Your Money or Your Life

The original Your Money or Your Life (YMYL) by Joseph Dominguez and Vicki Robin is often touted as the cornerstone to today’s FIRE movement (Financial Independence, Early Retirement). So of course there was a buzz when Robins announced an updated 2018 version. The original had been on my ‘should read’ list for a while, but with the recent update it moved up to my ‘need to read soon’ list. (Yes, I have multiple levels of reading lists.)

It only felt right to get a book about frugality from the public library. I asked a coworker, who I knew had placed a hold on it, if there was a long wait. She replied yes, of course there was a long wait; all the people who wanted to read that book were the kind of people too cheap to buy it. I thought that was hilarious (and likely true). Luckily, when I placed my hold I only had to wait a week despite being number one hundred something on the wait list.

YMYL is technically a nine step financial program that promises to “transform your relationship with money and help you achieve Financial Independence.” I’m not sure about you, but whenever I hear about an x step program and money, red flags of get-rich-quick schemes start flashing in my mind. This book however is not a get-rich-quick scheme. It is more like a better, philosophical version of Dave Ramsey’s seven baby steps to getting out of debt. You’re probably wondering now what the nine steps are, but I won’t summarize them here; you’ll have to read the book (or use google) for that.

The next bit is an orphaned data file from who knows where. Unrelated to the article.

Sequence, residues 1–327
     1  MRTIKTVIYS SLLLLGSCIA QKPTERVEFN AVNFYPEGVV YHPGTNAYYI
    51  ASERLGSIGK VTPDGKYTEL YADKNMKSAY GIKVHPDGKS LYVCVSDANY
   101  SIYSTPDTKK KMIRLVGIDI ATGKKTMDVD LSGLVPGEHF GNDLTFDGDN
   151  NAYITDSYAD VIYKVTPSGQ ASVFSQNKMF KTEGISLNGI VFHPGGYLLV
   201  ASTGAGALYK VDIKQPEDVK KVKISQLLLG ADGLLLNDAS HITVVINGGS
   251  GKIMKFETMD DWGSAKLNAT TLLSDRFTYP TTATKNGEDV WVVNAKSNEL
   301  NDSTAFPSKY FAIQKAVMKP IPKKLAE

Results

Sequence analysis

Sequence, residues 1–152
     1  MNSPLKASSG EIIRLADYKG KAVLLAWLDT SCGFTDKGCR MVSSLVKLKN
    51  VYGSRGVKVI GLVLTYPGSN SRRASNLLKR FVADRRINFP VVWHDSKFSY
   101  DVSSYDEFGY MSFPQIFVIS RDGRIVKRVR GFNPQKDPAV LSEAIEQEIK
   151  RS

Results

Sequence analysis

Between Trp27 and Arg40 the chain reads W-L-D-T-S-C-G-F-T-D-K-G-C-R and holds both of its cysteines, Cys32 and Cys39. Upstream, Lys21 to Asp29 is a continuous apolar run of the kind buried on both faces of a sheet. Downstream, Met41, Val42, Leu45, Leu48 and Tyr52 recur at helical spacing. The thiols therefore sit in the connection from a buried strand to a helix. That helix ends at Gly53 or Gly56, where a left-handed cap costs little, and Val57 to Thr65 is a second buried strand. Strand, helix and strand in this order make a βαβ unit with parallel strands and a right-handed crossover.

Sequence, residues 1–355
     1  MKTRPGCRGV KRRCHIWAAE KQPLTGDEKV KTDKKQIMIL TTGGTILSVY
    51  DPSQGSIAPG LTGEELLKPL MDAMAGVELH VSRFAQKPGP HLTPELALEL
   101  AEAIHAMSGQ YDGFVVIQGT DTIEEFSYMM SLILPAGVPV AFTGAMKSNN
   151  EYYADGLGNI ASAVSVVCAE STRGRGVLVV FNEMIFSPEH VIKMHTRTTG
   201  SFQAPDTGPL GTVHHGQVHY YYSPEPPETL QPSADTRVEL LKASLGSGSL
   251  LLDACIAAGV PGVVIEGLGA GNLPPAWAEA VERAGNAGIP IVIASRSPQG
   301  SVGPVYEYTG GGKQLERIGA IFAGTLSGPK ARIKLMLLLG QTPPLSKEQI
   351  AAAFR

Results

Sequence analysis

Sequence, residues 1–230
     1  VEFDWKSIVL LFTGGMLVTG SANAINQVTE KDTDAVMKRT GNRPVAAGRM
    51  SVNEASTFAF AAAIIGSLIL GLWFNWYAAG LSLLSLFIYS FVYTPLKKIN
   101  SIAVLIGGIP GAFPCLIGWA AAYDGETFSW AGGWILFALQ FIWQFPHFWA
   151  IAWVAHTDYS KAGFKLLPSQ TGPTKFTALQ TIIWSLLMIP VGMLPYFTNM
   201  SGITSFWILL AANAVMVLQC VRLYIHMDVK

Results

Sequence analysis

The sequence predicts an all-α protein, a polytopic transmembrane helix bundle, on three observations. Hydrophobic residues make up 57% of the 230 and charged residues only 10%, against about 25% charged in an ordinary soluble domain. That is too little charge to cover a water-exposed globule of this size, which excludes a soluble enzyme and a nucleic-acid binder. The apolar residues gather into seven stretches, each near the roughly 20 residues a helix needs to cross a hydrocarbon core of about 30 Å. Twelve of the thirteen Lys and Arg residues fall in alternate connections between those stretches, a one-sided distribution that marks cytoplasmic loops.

My favorite parts of the book were the questions at the end of each chapter.  The questions related to the chapter topic but were pretty open ended and mostly big picture financial, lifestyle, or goal oriented. My husband didn’t read the book, but we went through the questions together as I was reading and they led to some really great conversations.

I liked YMYL’s “no shame, no blame” mantra when reviewing past financial decisions. Looking back at past behavior is key to improving any financial situation. But unlike Dave Ramsey who yells at you for the mess you got yourself in, YMYL’s softer approach to accountability gets the lessons learned without the needless guilt and shaming tactics.

I also loved the life-energy concept and how it has you add up all the costs of working, such as commute expenses and time, work clothes, and vacations or other de-stressing activities you need as escapism from work. The costs of working is something many people don’t seem to consider when making big life decisions, such as where to work or where to live.

Happily, the ideas for investments have been updated, since the original recommendations didn’t fit today’s world. The original book talked about investing in bonds, but since then the time of high interest bonds has past. Instead, this version gives several (general) ideas for types of investments, including explanations of the now popular low-cost index funds. The book does not give specific investment advice (like which funds to pick).

For those just starting to get interested in taking control of their finances and/or reevaluating their priorities and goals, this book is perfect. There is nothing really new for those who are already focused on FIRE. But it’s a great refresher to keep you engaged and valuable in that it makes you take time to ponder the more philosophical questions about how you want your life to be.

 

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